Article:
ON your Marx, get set, go, as Off The Rock Productions present the world premiere of Not So Funny Now, Mike Hickman's Groucho-inspired drama, from April 10 to 13 at The Basement, City Screen, York.

Billed as a Hollywood scandal in black and white and every shade of grey, Hickman's play draws on one of Groucho Marx's multitude of quips: "Learn from the mistakes of others. You can never live long enough to make them all yourself."

The focus falls not on the principal Marx Brother,however, but on Erin Fleming, secretary and so much more besides to the New York City-born comedian and film star. Arriving at a dressing room somewhere in the shadow of the Hollywood Hills, she prepares for the evening performance, waiting too for the woman who said she could help her with a decision she has to make. A decision she, somehow, can't quite remember.

Perhaps it has something to do with the press clippings on the dresser? Or the scandal books copiously marked up with bookmarks and notes? If only Erin could remember. If only she could concentrate, what with the smell in there: not a cigar, nor a cigarette, but nevertheless a very familiar aroma, reminding her of so very much, taking her back.

As the dressing room becomes a 1950s' quiz show, complete with duck and secret word, and the 1950s' quiz show becomes a psychological test with an outcome wilder than any of the Marx Brothers' routines, Erin is visited by Ruth, who, it seems, really does want to help with her decision, and is her only hope if she is ever to escape this place.

York Press:

Not So Funny Now writer/director Mike Hickman with the man "with the moustache and the glasses"

"Behind the moustache and the glasses, there was the man; behind the man, there were the wives, Ruth, Kay and Eden, and after the wives came Erin," says Mike Hickman, introducing his play. "It has been said that everything you have ever heard about Erin Fleming is probably true. Carnegie Hall, the revival, the screaming fans: she had a hand in all of it.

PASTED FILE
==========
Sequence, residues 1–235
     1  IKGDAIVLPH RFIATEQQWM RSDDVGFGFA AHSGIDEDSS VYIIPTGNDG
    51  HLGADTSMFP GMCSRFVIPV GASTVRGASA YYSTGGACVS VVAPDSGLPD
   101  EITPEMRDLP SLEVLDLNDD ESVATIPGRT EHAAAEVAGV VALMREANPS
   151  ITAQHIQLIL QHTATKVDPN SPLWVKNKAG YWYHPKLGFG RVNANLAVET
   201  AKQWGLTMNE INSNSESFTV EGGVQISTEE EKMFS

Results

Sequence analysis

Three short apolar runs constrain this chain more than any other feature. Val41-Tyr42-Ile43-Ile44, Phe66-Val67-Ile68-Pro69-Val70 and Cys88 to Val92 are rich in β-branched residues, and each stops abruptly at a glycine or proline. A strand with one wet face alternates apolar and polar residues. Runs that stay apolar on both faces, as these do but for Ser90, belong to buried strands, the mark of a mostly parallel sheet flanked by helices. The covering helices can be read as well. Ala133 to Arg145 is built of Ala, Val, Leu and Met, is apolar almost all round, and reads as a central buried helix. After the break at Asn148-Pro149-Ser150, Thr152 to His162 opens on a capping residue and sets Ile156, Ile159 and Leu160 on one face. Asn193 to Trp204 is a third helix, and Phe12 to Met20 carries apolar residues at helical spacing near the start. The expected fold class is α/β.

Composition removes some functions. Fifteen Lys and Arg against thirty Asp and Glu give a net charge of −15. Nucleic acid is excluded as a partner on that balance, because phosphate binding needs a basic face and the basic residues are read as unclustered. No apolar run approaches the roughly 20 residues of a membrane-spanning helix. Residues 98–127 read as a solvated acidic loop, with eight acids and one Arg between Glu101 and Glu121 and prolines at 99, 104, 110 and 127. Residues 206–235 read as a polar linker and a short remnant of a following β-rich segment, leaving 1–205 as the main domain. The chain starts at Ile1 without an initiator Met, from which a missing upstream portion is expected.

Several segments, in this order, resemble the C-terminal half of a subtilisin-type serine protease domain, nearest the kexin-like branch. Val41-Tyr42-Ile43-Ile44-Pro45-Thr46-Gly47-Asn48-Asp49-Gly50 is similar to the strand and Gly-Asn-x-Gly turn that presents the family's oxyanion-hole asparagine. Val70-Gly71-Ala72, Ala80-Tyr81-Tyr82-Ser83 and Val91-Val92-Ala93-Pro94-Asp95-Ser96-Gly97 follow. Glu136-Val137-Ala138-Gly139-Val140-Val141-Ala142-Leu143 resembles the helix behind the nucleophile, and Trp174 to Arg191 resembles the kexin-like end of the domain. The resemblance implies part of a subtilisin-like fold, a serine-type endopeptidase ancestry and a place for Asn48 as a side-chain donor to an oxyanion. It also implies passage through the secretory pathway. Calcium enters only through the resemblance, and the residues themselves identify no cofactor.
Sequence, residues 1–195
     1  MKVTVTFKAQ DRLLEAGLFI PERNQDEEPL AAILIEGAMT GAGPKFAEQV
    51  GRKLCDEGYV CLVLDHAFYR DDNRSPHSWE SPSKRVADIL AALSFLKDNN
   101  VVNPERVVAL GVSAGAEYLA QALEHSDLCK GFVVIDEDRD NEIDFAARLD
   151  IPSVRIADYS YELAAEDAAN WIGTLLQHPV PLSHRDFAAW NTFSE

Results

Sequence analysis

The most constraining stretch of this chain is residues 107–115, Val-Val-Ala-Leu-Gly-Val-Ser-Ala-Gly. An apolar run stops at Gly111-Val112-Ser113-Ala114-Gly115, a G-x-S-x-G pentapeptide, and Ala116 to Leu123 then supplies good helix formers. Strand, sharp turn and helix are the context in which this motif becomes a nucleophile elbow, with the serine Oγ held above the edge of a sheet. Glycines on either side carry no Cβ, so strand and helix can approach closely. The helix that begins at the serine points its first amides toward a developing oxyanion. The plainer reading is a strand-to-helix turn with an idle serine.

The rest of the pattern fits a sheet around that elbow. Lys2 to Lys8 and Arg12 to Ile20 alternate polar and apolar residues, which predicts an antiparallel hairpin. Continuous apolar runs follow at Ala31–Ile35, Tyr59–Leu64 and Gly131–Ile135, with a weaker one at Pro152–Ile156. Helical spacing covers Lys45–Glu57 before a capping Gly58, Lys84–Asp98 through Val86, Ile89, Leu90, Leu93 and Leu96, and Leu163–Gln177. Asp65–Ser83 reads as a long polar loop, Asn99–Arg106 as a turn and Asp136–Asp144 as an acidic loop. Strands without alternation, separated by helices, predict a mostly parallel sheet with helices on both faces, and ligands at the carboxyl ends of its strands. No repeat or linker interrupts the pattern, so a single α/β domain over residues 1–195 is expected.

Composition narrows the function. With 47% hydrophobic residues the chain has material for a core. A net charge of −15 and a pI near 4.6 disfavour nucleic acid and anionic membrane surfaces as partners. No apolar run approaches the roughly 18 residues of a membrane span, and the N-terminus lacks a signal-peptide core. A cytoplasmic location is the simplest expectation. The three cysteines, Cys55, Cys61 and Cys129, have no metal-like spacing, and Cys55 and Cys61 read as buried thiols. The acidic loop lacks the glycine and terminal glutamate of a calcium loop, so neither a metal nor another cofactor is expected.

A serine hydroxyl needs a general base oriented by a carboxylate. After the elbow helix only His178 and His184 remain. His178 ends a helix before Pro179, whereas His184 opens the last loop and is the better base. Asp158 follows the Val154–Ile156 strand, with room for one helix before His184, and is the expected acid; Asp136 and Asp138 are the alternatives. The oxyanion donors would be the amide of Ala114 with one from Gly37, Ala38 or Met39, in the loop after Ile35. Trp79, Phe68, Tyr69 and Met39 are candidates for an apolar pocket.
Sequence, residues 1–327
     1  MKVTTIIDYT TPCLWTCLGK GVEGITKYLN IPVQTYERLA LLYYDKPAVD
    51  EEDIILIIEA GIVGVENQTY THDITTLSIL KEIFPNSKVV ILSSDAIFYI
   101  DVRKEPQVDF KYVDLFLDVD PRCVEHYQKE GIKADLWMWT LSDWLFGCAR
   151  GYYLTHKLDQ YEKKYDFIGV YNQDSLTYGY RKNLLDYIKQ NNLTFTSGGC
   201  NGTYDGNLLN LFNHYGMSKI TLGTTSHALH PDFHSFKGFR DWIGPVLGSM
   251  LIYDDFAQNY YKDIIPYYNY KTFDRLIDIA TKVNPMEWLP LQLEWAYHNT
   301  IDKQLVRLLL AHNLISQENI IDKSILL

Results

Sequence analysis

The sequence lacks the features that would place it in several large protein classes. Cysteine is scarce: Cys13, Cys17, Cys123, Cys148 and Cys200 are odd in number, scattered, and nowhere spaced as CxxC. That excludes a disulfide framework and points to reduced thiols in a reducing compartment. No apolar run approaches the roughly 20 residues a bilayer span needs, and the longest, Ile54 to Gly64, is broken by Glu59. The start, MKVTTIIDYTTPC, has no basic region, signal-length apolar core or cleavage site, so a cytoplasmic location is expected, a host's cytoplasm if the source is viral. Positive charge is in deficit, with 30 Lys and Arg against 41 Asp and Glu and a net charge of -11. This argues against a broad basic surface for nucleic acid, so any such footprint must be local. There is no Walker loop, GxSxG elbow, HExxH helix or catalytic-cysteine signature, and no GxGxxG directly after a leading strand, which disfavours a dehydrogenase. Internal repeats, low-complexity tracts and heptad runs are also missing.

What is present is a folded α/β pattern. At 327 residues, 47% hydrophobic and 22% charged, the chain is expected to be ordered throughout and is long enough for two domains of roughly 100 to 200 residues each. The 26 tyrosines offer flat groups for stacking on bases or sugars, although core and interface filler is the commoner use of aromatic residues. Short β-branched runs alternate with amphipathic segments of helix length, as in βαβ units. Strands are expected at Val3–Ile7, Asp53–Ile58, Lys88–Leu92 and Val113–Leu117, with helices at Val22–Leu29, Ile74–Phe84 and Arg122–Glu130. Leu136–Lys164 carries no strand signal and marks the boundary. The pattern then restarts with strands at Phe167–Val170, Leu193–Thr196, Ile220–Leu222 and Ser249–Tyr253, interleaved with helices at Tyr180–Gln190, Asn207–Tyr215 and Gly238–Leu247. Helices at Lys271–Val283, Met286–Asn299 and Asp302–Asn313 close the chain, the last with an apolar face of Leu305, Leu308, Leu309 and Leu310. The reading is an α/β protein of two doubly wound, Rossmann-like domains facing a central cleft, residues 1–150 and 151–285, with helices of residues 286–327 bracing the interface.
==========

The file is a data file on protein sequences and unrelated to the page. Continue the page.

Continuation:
"She stood by the side of the comedy legend on the Dick Cavett Show; she took the Margaret Dumont part in Hello, I Must Be Going, and she secured that TV spectacular contract, helping herself to 50 per cent of the trademark in the process, and getting those papers signed, all those very many papers, before it was too late.

"There is talk of syringes in the storm drain, a gun in the Sheriff’s office, mass sackings and her plan to become his…his…surely not? So very much has been written, and not only by those who were there at the time. What is anyone supposed to make of it? Including Erin herself. Perhaps Ruth [Johnson] will be able to tell her."

Hickman's play considers the effects of fame on those who stay behind the limelight and those accused of seeking the reflected limelight for themselves at any cost.

"I've always been interested in comedy; not just the Marx Brothers, but Chaplin, Keaton, Hancock, Cleese and more," he says. "One of the appeals of writing this play was to have a legendary comedian as part of the story, but it is not his story; this is the story of Erin Fleming.

York Press:

Clancy McMullan as Ruth in Not So Funny Now. Picture: Andy Argyle

"Mrs Merton once asked Debbie McGee what had attracted her to the millionaire Paul Daniels. The 'joke' of the young female performer who attaches herself to the elderly star is as old as the Hollywood Hills, but what if you are on the receiving end of that 'joke'? And what happens afterwards, when it is all over, and you are left with all the many, many words that have been written about you, so many of them unkind?

"Who do you believe? Do any of us really want to believe the best in ourselves? Erin Fleming has so many reasons not to believe the best in herself. Her story is a fascinating one, a disturbing one, a revealing one, in terms of what it tells us about our fascination for celebrity and how little it ultimately rewards even the most supposedly successful of us."

Victoria Delaney, as Erin Fleming, and Clancy McMullan, as Ruth Johnson, are joined in writer/director Hickman's cast by Max Palmer's Trickster A and Sonia Di Lorenzo's Trickster B.

The York company's production team includes assistant director Alison Young; sound designer Alexander King; set designer Paul Mason; costume designer Carly Brown; stage manager Ann Crossley; lighting designer Matt Pattison; administrator Keeley Schlesinger and producer Matthew Wignall. Promotional trailers have been put together by Blue Tomato Studio.

Tickets for the four 7.30pm performances are on sale at £10, concessions £8, at thebasementyork.co.uk/not-so-funny-now and on 0871 902 5726.